Six days after the local government elections of February 10, civil society activists from several districts around the country involved in promoting inter religious cooperation for peace took part in a meeting organized by the National Peace Council in Colombo. They saw the government’s poor electoral performance as a result of its failure to honour the mandate it had received in 2015 for good governance, anti-corruption, strong state institutions, economic development and inter ethnic justice and reconciliation.
Young people of different religions and ethnicities were trained in peace building and conflict analysis at a five day residential training programme on Conflict Transformation in Colombo.
NPC held an experience sharing session with Transitional Justice (TJ) civil society trainers and experts to plan a TJ training module and discuss the best methods of training, resource materials, lessons learnt and to exchange success stories.
The Ministry of National Integration and Reconciliation that functions under the office of the president conducted a one day conference for District Reconciliation Committees (DRCs) consisting of religious clergy, government officials, police and civil society members, appointed by the president in his capacity as Minister of National Integration and Reconciliation.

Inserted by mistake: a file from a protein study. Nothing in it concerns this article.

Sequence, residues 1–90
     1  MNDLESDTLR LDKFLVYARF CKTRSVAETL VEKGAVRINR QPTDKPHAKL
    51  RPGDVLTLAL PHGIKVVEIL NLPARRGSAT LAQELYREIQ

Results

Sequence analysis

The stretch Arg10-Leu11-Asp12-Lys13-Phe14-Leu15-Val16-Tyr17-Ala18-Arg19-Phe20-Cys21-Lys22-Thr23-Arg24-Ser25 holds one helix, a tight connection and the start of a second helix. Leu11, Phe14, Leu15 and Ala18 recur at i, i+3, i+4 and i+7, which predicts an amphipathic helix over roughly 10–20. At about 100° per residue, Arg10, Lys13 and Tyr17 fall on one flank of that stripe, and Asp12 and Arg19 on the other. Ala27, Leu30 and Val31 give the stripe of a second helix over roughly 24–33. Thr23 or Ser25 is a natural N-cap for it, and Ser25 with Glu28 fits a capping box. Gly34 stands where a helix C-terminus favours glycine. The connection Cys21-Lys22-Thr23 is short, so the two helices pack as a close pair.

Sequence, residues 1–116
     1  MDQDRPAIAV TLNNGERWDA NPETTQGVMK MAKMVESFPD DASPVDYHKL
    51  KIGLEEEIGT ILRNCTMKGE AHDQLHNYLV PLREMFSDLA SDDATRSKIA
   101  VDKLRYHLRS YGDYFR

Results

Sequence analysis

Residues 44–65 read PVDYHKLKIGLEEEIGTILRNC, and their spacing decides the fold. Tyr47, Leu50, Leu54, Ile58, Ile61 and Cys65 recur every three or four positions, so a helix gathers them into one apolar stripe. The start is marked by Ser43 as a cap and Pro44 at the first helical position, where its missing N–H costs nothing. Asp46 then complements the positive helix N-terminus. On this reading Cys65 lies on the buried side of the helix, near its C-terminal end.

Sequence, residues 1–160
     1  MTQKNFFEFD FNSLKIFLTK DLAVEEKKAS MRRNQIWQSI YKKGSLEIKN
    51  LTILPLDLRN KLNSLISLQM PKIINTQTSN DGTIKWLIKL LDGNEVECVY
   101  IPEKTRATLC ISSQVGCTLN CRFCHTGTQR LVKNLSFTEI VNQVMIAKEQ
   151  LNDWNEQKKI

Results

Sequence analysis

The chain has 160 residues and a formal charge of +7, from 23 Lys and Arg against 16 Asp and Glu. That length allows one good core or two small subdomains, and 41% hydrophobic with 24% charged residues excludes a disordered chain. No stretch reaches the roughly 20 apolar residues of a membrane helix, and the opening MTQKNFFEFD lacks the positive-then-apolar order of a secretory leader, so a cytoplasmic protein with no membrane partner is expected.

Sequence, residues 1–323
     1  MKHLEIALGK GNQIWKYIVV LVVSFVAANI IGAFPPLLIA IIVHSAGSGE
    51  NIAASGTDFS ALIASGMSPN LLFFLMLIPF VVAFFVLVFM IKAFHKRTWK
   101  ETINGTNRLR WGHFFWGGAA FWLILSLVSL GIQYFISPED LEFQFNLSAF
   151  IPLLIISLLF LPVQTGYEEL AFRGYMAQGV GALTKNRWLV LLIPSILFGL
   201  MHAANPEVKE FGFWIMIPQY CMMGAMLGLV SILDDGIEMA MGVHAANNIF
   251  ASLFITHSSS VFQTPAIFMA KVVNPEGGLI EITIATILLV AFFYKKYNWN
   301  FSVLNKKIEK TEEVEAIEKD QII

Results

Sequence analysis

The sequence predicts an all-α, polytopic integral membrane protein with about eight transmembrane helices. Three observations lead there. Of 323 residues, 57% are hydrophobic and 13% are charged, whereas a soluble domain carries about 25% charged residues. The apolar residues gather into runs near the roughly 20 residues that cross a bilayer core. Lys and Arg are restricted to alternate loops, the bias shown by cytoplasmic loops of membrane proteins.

NPC Executive Director Dr Jehan Perera was invited to be a panelist n a session on Civil Society and Reparations at the International Conference on Reparations organized by the International Organization for Migration (IOM) on February 22 to 23. The UN Migration Agency is currently providing technical assistance to the government on reparations, one of the four pillars of the national reconciliation framework, which Sri Lanka has committed to, as part of its broader efforts in promoting reconciliation, accountability and human rights in Sri Lanka.
In time for the local government elections, Nuwara Eliya District Inter Religious Committee (DIRC) launched a campaign in Hatton to promote an election free of racism and religious discrimination. The campaign was funded by the IMPACT/CAFOD project.
Thirty seven members from 16 District Inter Religious Committees (DIRCs) participated in an exchange visit to Vavuniya and Jaffna. The members shared the social, economic and cultural situation in their respective districts and identified many issues of concern.
The youth group formed under NPC’s Religions to Reconcile project, funded by the United States Agency for International Development (USAID) and implemented with a Jordan-based partner organization Generations For Peace (GFP), organized a campaign to clean up the Puttalam hospital and the surrounding premises to address the dengue epidemic that has become a life threatening issue in the district.